Germany Signs Up to Military Pact, Sets Sights on Jerusalem
Twenty-five European Union nations officially launched an EU military pact on Monday. They announced the pact back in November, but now we get to see exactly what these countries are working on.
There’s nothing that’s dramatically headline-grabbing. This agreement is called Permanent Structured Cooperation,or pesco, not an “EU army.” Many of these agreements are on seemingly boring subjects like logistics, transportation and training missions.
Because of this, not many have reported on it. But this is hugely significant. These are the boring details that need to be worked out for EU nations to fight together, to form an EU military. In the words of one former Marine Corps general, Amateurs talk about tactics, but professionals study logistics.
Europe is starting to get to the nuts and bolts—the details that will enable it to fight together effectively—on things like how to deploy quickly, how to evacuate and treat wounded members of joint forces, how the different command structures can work together.
At the Trumpet, we’ve long talked about an EU military union. Just to give a couple of examples, in 1953 Herbert W. Armstrong wrote that “10 powerful European nations will combine their forces” (Good News, May 1953).
In 1978, he wrote: “Europeans want their own united military power! They know that a political union of Europe would produce a third major world power, as strong as either the U.S. or the ussr—possibly stronger!” (Good News, August 1978).
He made these forecasts based on Bible prophecy.
For example, Revelation 17 talks about a union of 10 kings, or nations, who “shall give their power and strength” to this united power.
This is one of the most important trends we’re watching at theTrumpet.com. Because of its importance, we have a whole trends section on Europe. You can access it by clicking on “Trends” at the top right of the home page. There you can read our article “Why the Trumpet Watches Europe’s Push Toward a Unified Military,” to learn more about this vital trend.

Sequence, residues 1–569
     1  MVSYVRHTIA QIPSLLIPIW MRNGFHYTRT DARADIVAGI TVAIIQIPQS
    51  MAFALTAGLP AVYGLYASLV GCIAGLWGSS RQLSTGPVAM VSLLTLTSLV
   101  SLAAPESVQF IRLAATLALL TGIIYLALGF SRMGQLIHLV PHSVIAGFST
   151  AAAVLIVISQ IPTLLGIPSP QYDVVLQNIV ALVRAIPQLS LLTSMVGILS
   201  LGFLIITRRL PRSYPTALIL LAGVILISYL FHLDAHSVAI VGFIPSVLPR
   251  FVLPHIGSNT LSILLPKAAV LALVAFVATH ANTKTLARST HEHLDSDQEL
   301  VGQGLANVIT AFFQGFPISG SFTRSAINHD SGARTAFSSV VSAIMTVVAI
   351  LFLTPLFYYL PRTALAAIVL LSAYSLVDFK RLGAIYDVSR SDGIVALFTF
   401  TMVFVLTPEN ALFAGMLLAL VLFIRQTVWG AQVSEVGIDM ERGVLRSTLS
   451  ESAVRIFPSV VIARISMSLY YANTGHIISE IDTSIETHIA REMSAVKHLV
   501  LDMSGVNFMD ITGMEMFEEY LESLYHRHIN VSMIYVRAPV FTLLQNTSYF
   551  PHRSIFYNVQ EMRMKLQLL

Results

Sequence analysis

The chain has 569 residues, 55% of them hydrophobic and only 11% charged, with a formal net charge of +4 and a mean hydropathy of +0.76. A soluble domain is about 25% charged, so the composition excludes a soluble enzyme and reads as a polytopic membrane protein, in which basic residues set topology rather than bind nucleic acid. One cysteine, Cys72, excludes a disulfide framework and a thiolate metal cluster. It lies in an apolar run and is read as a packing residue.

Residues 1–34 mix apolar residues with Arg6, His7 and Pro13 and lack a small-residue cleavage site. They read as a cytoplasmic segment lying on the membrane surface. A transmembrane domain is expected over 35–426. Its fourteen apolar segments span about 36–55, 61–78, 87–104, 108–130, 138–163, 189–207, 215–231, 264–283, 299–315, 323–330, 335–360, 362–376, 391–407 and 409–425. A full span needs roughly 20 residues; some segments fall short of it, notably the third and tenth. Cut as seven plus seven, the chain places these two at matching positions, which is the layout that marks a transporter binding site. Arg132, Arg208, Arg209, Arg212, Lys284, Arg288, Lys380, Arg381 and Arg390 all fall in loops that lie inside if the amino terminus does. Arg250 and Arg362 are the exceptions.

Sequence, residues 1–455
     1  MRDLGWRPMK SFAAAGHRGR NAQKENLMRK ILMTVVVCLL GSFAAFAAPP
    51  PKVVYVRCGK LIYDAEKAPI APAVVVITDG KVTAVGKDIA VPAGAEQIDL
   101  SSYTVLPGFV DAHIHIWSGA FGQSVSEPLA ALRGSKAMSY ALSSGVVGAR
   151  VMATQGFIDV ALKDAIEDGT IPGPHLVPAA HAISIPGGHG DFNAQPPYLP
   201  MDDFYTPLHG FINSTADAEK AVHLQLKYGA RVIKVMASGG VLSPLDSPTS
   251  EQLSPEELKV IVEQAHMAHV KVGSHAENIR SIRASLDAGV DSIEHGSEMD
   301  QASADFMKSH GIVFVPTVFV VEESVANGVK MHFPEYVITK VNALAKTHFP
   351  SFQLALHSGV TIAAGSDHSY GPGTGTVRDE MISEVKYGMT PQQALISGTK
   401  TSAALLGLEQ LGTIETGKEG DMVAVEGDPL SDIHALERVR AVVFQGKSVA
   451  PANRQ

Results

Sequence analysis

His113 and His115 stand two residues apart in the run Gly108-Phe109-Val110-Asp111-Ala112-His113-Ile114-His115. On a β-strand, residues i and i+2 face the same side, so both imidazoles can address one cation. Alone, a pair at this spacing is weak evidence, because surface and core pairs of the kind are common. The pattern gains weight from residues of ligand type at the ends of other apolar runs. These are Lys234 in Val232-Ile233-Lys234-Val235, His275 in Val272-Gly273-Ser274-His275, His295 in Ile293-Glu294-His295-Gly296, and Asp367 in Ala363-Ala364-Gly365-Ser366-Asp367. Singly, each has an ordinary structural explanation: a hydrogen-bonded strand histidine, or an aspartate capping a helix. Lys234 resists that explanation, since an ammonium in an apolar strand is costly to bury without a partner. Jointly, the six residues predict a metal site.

Also this week in Germany, we saw the nation’s response to Donald Trump’s declaration on Jerusalem.
Europe has long wanted to get more involved in the peace process. Mr. Trump’s unpopular declaration that Jerusalem is the capital is the perfect opportunity for it to do that.
Just this week, Palestinian Authority President Mahmoud Abbas said that they don’t want the U.S. to have any role in the peace process because of this declaration. Fifty-seven member states of the Organization of Islamic Cooperation said almost the same thing—the decision shows the “U.S. administration’s withdrawal from its role as sponsor of peace.”
Europe and Germany are eager to step in. Der Spiegel ran an editorial last Friday titled “Time for Europe to Take the Lead on Peace.” It made the same kind of comments as the Arab states, and concluded that “it is now up to us—the Europeans, the Germans—to come up with new ideas and new formats” for the peace process. In Germany, Süddeutsche Zeitung made similar calls. Federica Mogherini, who is basically the EU’s foreign minister, has said that she wants the EU to be more involved.
So we could be seeing Germany getting ready to become more involved in the peace process in Jerusalem.
This is another important trend to watch. For many years now, the Trumpet has forecast that Germany would be invited to lead Israel-Palestinian peace negotiations. This prophecy about Germany leading the peace negotiations is in Hosea 5.
For more on this, you can read Brad Macdonald’s latest Trumpet Brief “Jerusalem, Trump and Israel’s Pyrrhic Victory.”